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Drone Space Mining

Drone Space Mining

We’re not getting packages delivered by drone — yet — but that future may not be far off.

Today, commercial drones are used to monitor land and gather news. Soon they could become a regular sight in the sky, delivering not just Amazon packages, but medical necessities like human organs.

Before that happens, the Nevada Institute for Autonomous Systems wants to make sure it’s safe.

Chris Walach is the senior director of NIAS and the Nevada Drone Test Site. The institute is one of seven around the country that has been designated by the FAA to test drones and help establish safety and legal rules.

NIAS is focused on stopping drone incursions into the airspace of commercial airlines. Walach said the FAA records 100 or more sightings of drones in places they’re not supposed to be every month.

He said helicopter and fixed-wing pilots are reporting near misses all the time.

Another important part of what they are working on are rules for protecting outdoor events and venues from drones.

“It’s a concern because a drone can cause great damage to a human,” Walach said.

Walach said the FAA is working on technology that would stop drones from flying over events but it hasn’t been perfected yet.

NIAS isn’t just working on rules for drones. It is also working on partnerships for the future of drones. Walach was in Poland last week to sign a letter of intent with leaders there to work together on a number of overlapping projects.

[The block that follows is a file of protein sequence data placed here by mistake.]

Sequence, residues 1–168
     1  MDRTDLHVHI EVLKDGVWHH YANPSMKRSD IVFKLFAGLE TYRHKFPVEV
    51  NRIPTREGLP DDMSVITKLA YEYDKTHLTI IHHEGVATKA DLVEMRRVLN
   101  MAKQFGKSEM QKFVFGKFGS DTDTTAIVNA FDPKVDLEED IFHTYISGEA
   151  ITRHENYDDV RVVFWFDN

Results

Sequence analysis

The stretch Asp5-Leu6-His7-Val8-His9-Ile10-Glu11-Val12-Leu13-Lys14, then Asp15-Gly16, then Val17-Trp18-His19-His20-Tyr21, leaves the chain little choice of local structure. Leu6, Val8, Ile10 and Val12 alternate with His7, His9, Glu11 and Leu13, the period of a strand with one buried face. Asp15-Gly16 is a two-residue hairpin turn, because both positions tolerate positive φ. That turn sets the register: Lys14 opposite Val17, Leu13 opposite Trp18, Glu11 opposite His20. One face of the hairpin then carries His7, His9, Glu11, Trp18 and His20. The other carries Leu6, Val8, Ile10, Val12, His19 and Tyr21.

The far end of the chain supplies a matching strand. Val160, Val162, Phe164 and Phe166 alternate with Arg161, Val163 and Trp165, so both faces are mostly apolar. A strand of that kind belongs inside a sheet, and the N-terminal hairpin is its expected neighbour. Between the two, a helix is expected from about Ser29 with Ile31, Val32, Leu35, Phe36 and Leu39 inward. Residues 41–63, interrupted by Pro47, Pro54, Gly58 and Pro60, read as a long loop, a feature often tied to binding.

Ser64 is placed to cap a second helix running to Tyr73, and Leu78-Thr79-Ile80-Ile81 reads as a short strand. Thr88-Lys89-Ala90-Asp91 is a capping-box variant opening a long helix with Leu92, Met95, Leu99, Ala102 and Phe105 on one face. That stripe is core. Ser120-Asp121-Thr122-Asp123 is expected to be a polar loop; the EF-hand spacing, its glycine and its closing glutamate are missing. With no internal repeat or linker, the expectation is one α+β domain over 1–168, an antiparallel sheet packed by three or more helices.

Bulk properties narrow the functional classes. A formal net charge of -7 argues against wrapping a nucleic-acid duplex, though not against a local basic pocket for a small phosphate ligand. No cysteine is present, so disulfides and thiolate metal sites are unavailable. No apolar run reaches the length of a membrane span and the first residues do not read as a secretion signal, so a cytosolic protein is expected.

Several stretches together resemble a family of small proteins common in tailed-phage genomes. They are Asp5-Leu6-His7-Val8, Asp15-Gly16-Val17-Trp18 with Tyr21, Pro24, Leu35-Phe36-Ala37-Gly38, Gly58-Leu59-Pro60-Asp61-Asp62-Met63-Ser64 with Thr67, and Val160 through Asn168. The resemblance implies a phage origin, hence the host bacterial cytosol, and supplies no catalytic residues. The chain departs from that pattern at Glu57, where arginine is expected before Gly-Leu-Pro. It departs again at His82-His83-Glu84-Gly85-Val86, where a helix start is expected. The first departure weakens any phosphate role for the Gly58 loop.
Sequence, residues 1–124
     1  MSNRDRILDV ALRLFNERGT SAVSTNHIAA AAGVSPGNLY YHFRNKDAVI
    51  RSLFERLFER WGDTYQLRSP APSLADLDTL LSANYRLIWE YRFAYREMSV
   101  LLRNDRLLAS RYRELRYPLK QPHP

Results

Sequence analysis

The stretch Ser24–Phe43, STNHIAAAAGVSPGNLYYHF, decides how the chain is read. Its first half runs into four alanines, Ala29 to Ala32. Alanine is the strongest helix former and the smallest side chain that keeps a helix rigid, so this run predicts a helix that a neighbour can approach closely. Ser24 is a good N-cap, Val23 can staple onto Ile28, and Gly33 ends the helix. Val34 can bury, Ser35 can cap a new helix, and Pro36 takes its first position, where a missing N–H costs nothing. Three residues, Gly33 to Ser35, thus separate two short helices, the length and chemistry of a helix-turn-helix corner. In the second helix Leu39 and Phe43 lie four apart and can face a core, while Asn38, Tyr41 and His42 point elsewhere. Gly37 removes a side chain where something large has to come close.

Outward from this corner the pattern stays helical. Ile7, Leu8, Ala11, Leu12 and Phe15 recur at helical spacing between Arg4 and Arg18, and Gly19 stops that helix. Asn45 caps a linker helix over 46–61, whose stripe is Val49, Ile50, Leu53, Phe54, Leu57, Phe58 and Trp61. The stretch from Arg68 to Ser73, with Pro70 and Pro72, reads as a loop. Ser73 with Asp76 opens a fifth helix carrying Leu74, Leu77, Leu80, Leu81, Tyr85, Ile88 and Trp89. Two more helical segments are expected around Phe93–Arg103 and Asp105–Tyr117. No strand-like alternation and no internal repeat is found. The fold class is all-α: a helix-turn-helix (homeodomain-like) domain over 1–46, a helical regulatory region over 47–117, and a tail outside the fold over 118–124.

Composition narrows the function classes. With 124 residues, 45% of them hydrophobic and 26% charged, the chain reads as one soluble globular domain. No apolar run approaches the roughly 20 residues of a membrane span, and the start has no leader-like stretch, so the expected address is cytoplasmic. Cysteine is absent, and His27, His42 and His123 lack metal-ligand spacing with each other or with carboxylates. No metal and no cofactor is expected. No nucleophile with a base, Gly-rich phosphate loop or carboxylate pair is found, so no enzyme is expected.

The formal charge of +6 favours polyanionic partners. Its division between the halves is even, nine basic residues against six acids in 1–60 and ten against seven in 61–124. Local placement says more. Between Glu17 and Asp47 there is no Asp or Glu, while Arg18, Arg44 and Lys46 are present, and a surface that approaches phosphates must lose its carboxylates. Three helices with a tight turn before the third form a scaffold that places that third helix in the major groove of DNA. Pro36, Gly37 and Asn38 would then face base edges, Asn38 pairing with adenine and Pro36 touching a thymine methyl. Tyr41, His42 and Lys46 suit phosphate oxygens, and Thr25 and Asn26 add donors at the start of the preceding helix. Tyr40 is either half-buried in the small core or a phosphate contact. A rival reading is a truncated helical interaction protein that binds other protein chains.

Walach said Poland and Nevada both have strong drone industries and strong mining industries. He said that is an area the European country and our state can work together.

“Autonomous vehicles can significantly enhance the safety, not only underground and open pit mines but it was a natural synergy,” he said.

They also want to use drones for space mining, when that eventually happens.

“We have to understand that whatever they deploy in the mines, on the ground with autonomous systems, one day can be used in space to do space mining.”

The intent letter included the creation of a joint space mining center.

For now, the NIAS will be working on developing new jobs in the autonomous system industry and establishing the all-important safety regulations.

Walach said so far Nevada is already leading the way.

“The Nevada Test Site has set national FAA records and global records in package delivery,” he said.

And as far as your next online purchase being delivered by drone, Walach says to expect that in about three years.

Guests

Chris Walach, senior director, Nevada Institute for Autonomous Systems